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I'd recommend both the Clay Blair books, "Hitler's U-Boat War: The Hunters" and "Hitler's U-Boat War: The Hunted". For more personal stories then "Iron Coffins" by Herbert Werner , "Hirschfeld: The Secret Diary of a U-Boat" by Wolfgang Hirschfeld and "U-Boat Killer" by Donald Macintyre. Also the Micheal Gannon books are well worth a read, both "Black May" and "Operation Drumbeat".

That should be enough to be getting on with for now
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Old 06-28-2006, 02:55 AM   #25
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Just finished "The Sum of All Fears" by Tom Clancy... reading "Master & Commander" now, which is ... different (set in the late 18th century).
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Old 06-28-2006, 06:16 PM   #26
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I am reading Razor's Edge by Hugh Bicheno.It is an alternative view of he Falklands War.I thoroughly recommend it.The author is a former UK intelligence officer
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Old 06-29-2006, 04:53 PM   #27
Raedwulf
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I've been laying submerged for a long while

Recently 2 books have come into my possession;
Corvettes of the Royal Canadian Navy 1939-1945, probably the bible if interested in the Flower Class Corvette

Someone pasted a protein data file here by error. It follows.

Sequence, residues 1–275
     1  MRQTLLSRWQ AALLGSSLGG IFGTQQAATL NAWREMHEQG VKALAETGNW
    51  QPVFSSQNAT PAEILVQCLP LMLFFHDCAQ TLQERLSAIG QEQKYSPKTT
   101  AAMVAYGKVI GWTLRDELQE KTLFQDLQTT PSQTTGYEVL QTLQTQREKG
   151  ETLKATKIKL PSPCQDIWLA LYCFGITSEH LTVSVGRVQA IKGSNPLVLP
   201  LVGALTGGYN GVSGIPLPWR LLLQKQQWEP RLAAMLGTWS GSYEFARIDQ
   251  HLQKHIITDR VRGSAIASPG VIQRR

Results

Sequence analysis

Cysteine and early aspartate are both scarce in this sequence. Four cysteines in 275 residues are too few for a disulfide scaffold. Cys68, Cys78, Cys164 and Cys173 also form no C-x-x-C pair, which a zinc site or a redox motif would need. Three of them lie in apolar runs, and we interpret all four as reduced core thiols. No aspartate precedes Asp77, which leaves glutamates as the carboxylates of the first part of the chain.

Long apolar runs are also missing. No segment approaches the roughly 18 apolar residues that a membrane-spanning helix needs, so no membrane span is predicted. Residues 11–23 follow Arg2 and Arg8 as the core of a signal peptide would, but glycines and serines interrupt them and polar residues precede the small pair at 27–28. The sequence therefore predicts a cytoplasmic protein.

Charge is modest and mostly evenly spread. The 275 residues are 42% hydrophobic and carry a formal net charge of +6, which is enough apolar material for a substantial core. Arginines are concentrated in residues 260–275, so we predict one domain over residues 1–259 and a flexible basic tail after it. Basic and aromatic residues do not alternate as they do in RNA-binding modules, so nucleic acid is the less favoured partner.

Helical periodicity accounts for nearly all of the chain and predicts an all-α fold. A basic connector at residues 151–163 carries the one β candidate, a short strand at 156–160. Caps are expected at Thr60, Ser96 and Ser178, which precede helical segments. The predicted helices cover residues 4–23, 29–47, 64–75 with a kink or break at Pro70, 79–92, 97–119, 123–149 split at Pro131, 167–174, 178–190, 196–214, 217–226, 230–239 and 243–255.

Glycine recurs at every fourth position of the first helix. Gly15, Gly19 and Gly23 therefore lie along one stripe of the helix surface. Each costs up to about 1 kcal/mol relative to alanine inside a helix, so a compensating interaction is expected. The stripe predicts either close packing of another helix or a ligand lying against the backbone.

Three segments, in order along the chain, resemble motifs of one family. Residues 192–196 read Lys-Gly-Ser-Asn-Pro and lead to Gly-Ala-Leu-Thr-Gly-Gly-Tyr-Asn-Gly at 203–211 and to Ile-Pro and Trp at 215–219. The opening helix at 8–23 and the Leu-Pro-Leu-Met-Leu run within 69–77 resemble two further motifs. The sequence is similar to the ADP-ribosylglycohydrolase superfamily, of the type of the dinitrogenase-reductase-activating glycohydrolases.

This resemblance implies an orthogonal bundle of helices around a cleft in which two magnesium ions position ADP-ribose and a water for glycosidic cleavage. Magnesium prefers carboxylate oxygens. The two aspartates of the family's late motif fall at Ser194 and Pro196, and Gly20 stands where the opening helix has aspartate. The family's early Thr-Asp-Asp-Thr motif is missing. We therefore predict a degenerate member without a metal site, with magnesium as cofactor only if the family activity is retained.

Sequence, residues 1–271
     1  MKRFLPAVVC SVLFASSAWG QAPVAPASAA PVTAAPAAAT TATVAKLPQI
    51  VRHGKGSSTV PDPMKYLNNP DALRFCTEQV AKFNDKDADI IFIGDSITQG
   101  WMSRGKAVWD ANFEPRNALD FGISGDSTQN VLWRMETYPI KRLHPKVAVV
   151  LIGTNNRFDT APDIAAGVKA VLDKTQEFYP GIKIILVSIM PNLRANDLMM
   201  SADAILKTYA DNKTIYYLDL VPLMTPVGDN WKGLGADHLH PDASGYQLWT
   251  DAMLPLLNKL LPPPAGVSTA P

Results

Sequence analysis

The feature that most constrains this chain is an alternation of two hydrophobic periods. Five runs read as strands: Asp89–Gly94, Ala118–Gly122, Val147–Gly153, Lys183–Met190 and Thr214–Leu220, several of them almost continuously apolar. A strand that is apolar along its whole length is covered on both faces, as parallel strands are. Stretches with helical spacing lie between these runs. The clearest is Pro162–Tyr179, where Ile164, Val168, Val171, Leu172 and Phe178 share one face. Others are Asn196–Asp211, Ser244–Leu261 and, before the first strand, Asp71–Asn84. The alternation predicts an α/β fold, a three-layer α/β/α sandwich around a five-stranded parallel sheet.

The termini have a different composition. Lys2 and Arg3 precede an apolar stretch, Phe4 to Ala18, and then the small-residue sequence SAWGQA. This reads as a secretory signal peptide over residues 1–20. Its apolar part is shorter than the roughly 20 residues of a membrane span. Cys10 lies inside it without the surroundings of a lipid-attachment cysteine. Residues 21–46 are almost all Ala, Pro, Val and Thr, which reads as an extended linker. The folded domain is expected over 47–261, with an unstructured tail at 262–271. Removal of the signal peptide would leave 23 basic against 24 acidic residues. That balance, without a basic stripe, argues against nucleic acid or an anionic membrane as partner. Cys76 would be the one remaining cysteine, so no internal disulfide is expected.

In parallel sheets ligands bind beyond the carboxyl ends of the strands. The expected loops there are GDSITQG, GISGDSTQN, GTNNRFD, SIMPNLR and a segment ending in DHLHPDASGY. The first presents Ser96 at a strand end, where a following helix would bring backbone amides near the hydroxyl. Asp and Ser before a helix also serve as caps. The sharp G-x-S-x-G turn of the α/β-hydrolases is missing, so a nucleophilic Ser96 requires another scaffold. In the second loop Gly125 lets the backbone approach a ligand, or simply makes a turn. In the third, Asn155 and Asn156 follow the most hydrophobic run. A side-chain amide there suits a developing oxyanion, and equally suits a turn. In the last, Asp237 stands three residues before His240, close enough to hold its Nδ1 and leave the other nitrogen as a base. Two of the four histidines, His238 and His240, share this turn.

The Corvette Navy

I picked these books up as references, I recently purchased a scale model of HMCS Snowberry, going to build the HMCS Calgary, might have to settle for the Sackville, the very last Flower in existence
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Old 06-30-2006, 09:58 AM   #28
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Quote:
Originally Posted by Khayman
I'd recommend both the Clay Blair books, "Hitler's U-Boat War: The Hunters" and "Hitler's U-Boat War: The Hunted". That should be enough to be getting on with for now
Thanks Khayman, I'm possibly going to order those two books next. Of course only after I've read the ones I've allready ordered.

Hmm.. The place I ordered the books didnt have the commanders handbook..
Do you happen to know by any chance where to get that book? The closer to Finland, the better.

thanks
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Old 07-04-2006, 06:21 AM   #29
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I'm reading Clay Blair Jr's : Silent Victory, the US Submarine war against Japan. To bulk up my sub knowledge of the Pacific War
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Old 07-04-2006, 07:09 AM   #30
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'The Forgotten Soldier' by Guy Sajer.
linky

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Synopsis
This is the horror of World War II on the Eastern Front, as seen through the eyes of a teenaged German soldier. At first an exciting adventure, young Guy Sajer's war becomes, as the German invasion falters in the icy vastness of the Ukraine, a simple, desperate struggle for survival against cold, hunger, and above all the terrifying Soviet artillery. As a member of the elite Gross Deutschland Division, he fought in all the great battles, from Kursk to Kharkov. Sajer's German footsoldier's perspective make The Forgotten Soldier a unique war memoir, the book that the Christian Science Monitor said "may well be the book about World War II which has been so long awaited." Now it has been handsomely republished as a hardcover containing fifty rare German combat photos of life and death at the Eastern Front. The photos of troops battling through snow, mud,burned villages, and rubble-strewn cities depict the hardships and destructiveness of war. Many are originally from the private collections of German soldiers and have never been published before.